More than perhaps any other City Hall program, code enforcement is a custom-built operation that mirrors its community.
When Lead Code Enforcement Officer James Stephens was working in San Luis Obispo (a city that, much like Palo Alto, is adjacent to a large and thriving university), most of his cases involved building violations, he told the Weekly. Because of the strong presence of California Polytechnic State University, there was also a high volume of property-maintenance cases ("Lots of red cups and couches in front yards," he said).
In Simi Valley, by contrast, the focus was more on commercial violations — protruding trash cans, illegal signs and things of that nature.
Because "code enforcement" can refer to anything from the health code and vehicle code to building code, there is no one-size-fits-all approach. In some areas, the program is largely based in the police department; in others, it's housed in the building or planning divisions.
"It's really all about what direction the council is going and what they want you to enforce," Stephens said.
Attitudes toward violators also vary from city to city. Palo Alto Planning Director Hillary Gitelman said that no matter the city, the process typically always involves a complaint, followed by an investigation, followed by an option of voluntary compliance and — if that fails — enforcement action. But code enforcement officers have plenty of discretion when it comes to the number of notifications and the amount of time they will give a resident or a business to correct the violation.
In Palo Alto, where voluntary compliance is the overarching goal, a code-enforcement officer who spots a violation typically gives the property owner two weeks to comply (for complex issues that involve new planning permits, the period could be much longer). After that time is up, a code-enforcement officer will conduct a follow-up inspection. If the violation hasn't been fixed, the city will follow up with another letter, with a new deadline and a phone number that can be called for questions or further assistance.
Only if the subject refuses to cooperate or fails to do the bare minimum to correct the violation does the city issue a citation.
"A lot of it is based on good-faith efforts," Gitelman said. "Are they trying to understand what we're asking them to do and are they trying to come into compliance, or are they blowing us off?"
If the latter is true, the city has two options: It can issue a citation or — for more complex cases — ask for an administrative hearing and have a judge rule on the matter.
In the case of the recently redeveloped Edgewood Plaza in Palo Alto, code enforcement relied on both approaches. Sand Hill Property Company, the developer behind the project, was required to provide a grocery store as part of a "planned community" agreement that also permitted it to construct 10 homes (which it then sold for $3 million each).
In June 2013, after an extended period of vacancy, The Fresh Market moved into the grocery space, only to shutter in March 2015. That fall, spurred by residents' angst about the missing supermarket, the city began fining Sand Hill — first $500 per day; then $1,000. In November 2016, with still no market in sight, the council agreed to raise the fees to $5,000 per day — a decision that was cheered by frustrated neighbors.
"Please make Sand Hill think about a shiny new deli counter, the smell of fresh-cut roses and essentials of a healthy Palo Alto diet every time they write a check for $5,000 a day," Carla Carvalho, who lives near the plaza, said at the Nov. 7 meeting.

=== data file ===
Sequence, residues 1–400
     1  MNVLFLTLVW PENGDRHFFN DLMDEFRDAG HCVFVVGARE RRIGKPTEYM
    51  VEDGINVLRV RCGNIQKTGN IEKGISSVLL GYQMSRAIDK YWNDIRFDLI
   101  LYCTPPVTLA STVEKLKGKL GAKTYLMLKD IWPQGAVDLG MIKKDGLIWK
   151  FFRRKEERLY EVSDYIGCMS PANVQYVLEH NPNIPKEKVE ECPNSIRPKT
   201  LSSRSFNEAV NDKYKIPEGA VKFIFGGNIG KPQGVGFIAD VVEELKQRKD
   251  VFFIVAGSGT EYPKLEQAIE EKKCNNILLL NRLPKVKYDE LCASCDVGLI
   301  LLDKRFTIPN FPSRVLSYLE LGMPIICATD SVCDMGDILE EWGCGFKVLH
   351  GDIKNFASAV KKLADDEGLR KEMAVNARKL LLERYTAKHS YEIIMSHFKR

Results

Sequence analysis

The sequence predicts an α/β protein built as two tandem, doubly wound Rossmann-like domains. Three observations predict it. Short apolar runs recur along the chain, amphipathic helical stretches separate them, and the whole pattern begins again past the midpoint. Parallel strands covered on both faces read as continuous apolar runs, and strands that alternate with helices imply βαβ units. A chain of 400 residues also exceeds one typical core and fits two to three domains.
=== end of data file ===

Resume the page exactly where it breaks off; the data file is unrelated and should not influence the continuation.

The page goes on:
Sand Hill formally challenged the city's fine, calling it illegal and excessive. In April, the city's actions were affirmed by an administrative judge, who ruled that the developer must pay $248,250 in fines. To date, Sand Hill has paid $700,500 in penalties, though it scored a small victory on June 27, when a Santa Clara County Superior Court judge granted it a temporary reprieve from fines, pending the resolution of the dispute (the next hearing is set for October).
For code enforcement, the Sand Hill case was an exceptional success story. The city's action held up under judicial scrutiny and may have nudged the developer to finally fulfill the terms of the agreement (last month, Sand Hill announced a new grocer for the plaza).
Yet it is also an exception that proves the rule. It took 19 months, a council action and sustained pressure from the citizens to achieve the result. For violations that are less publicized, the enforcement tends to be far more lenient — as any critic of "planned community" zoning will tell you.
For code-enforcement officers, the municipal code helps set the tone for their work: The same code that they enforce dictates how they enforce it.
Some jurisdictions, Stephens said, have a process that allows code-enforcement officers to have an expedited process for fining repeat offenders. In Palo Alto, if someone corrects a violation and then — once code enforcement is out of the picture — reverts to illegal activities, the extensive multiple-notification process starts all over.
"It's all about how the municipal code is written," Stephens said. "The way the code is written has direct impact on case life, the steps involved in the case and how you go about enforcing.
"We have very outlined steps of what we have to do to eventually get compliance if said individual doesn't voluntarily comply. Other jurisdictions are a lot more conservative; other jurisdictions are a lot more liberal."
For a team that consists of just three people, Palo Alto's code enforcers have been facing an unprecedented level of public scrutiny of late.
Code enforcement officers deal with all the most vexing issues of the day — zoning violations, gas-powered leaf blowers, too much construction noise, etc. — and are often seen by residents as the last line of defense in resolving problems.